“Artistic. Autistic. A Life Ahead.”: Internationally Acclaimed Photographer to Exhibit in Show and Create Work During Opening Reception
Internationally acclaimed photographer Christopher M. Gauthiér will bring several of his dramatic photographic works to Montgomery County as part of the “Artistic. Autistic. A Life Ahead.” exhibit sponsored by Madison House Autism Foundation and Johns Hopkins University Montgomery County Campus. The exhibit, which opens March 29 and runs through June 1 on the JHU Montgomery County Campus in Rockville, offers a unique window into the world of autism experienced by adults on the autism spectrum and those affected by it.
Gauthiér’s works are part of his Evidence and Artifacts: Facing Autism project, which documents the growing number of individuals, families, teachers, therapists, advocates, doctors and researchers on the front lines fighting the debilitating characteristics of autism spectrum disorders. According to Gauthiér, “Facing Autism is both a call to action, and a way to honor those who are rising to the challenge autism presents everyday.”
Gauthiér will set up a mini “studio” at the reception on March 29 during which he will continue work on his Facing Autism project by taking pictures of reception attendees who would like to be included in his project.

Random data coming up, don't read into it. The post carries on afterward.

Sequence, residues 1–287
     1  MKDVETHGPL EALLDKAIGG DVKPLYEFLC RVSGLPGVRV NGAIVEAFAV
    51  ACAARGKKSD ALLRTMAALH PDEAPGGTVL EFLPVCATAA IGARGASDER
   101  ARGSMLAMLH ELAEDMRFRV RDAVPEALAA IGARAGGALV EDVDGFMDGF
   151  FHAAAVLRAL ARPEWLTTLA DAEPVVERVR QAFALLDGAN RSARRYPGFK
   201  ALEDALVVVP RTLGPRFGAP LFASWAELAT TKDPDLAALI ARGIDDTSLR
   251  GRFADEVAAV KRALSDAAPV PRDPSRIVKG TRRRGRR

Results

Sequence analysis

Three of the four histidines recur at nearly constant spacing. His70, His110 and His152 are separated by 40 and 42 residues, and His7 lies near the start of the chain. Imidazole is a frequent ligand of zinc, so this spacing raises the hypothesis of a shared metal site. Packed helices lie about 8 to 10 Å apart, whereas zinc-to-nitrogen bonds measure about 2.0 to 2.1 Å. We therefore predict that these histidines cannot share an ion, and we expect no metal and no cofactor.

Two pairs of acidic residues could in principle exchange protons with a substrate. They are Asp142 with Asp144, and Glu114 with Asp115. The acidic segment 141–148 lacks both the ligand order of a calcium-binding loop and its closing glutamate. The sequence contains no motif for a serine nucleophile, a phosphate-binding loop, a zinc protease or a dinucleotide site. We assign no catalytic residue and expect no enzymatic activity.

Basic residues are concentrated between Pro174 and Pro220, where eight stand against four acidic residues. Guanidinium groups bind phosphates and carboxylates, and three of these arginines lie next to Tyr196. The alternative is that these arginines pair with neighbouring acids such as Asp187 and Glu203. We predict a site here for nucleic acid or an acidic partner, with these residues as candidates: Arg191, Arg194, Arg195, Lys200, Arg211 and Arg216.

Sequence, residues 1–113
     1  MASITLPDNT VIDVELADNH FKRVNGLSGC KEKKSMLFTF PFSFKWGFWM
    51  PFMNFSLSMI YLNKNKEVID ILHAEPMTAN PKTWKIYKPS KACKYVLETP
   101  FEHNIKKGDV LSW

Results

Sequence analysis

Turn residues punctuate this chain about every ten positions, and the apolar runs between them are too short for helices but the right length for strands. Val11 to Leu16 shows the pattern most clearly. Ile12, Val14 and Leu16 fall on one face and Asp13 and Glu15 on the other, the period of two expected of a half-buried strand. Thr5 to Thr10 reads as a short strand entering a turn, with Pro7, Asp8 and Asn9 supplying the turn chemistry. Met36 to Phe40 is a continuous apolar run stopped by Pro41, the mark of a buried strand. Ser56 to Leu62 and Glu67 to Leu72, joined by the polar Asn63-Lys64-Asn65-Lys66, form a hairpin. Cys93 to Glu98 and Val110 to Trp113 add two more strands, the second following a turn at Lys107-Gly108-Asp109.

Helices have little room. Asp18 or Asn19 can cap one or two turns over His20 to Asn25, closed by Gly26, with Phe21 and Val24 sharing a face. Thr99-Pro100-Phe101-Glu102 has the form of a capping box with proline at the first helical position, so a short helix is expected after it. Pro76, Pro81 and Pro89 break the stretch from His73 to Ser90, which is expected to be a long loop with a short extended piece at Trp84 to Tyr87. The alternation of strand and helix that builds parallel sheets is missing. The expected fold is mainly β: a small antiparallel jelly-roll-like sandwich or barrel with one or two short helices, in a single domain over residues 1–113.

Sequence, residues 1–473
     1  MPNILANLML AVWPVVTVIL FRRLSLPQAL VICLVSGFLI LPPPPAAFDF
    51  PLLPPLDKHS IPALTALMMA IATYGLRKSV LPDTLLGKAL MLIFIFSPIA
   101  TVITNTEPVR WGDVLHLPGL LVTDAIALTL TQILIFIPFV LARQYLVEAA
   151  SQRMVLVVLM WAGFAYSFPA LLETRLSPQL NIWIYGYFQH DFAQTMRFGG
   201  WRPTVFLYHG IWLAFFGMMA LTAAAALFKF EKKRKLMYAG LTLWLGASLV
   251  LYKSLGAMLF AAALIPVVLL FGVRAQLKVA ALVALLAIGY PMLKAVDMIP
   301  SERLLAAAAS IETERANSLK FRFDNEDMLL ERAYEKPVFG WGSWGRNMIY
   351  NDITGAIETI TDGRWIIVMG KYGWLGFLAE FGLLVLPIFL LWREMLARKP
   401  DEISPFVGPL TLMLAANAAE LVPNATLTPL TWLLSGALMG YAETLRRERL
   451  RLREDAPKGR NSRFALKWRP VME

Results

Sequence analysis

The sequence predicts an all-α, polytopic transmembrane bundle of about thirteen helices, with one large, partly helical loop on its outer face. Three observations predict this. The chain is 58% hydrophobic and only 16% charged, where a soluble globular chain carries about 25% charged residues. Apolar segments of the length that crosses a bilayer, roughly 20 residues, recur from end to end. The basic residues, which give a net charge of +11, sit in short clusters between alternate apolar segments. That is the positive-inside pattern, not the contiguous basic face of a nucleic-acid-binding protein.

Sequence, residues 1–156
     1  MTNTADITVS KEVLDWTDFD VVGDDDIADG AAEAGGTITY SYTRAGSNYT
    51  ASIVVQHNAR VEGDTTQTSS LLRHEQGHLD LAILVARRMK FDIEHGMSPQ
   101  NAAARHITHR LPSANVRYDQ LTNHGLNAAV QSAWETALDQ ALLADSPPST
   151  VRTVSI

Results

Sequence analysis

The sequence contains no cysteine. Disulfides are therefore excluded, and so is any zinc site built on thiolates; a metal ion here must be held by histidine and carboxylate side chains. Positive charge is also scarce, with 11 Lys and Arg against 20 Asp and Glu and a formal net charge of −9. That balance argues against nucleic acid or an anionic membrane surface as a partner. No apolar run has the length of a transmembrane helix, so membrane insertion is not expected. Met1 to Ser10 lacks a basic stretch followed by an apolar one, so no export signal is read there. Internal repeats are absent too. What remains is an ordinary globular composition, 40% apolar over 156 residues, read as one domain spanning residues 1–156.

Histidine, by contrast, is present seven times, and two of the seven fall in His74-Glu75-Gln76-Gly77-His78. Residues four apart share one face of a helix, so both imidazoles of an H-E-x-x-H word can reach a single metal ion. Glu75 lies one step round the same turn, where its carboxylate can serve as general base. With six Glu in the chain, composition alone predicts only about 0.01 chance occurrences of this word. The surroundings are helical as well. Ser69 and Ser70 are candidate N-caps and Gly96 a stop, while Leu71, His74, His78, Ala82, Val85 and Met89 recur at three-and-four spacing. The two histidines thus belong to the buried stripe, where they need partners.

Autism Spectrum Disorders, which can be accompanied by both exceptional talents and severe impairments, are complex intellectual and developmental disorders involving social and communications difficulties. Through the exhibit, Madison House Autism Foundation seeks to offer individuals on the spectrum an opportunity to share their artistic expressions and raise awareness in the broader community of the challenges, unique talents, and sometimes, overwhelming barriers adults with autism face in trying to survive in a world that doesn’t fully understand or accommodate them.
According to JaLynn Prince, founder of Madison House Autism Foundation, 500,000 individuals with autism will turn 21 this decade, facing 60 years or more with little hope for housing, employment, continuing education, or social support outside of the family. Prince, who was named as a National Mother of the Year in 1999 and who has a 22-year old son on the spectrum, created the Foundation to provide guidance, hope, and support for adults with autism and their families.
Artists will be present at the opening night reception on Thursday, March 29 at 7 p.m. RSVP to attend the reception.
The exhibit will be on display at Johns Hopkins University Montgomery County, 9605 Medical Center Drive, Rockville, MD 20850. For more information, call 301-330-8532.